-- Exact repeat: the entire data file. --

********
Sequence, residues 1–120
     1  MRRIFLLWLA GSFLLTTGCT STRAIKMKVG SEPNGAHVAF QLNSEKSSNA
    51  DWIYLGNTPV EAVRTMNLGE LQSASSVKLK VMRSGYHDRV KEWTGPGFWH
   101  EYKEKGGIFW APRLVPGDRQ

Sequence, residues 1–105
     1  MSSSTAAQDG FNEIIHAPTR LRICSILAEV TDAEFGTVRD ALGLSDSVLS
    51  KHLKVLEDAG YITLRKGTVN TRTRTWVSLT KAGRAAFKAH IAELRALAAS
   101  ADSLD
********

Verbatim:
Sequence, residues 1–120
     1  MRRIFLLWLA GSFLLTTGCT STRAIKMKVG SEPNGAHVAF QLNSEKSSNA
    51  DWIYLGNTPV EAVRTMNLGE LQSASSVKLK VMRSGYHDRV KEWTGPGFWH
   101  EYKEKGGIFW APRLVPGDRQ

Sequence, residues 1–105
     1  MSSSTAAQDG FNEIIHAPTR LRICSILAEV TDAEFGTVRD ALGLSDSVLS
    51  KHLKVLEDAG YITLRKGTVN TRTRTWVSLT KAGRAAFKAH IAELRALAAS
   101  ADSLD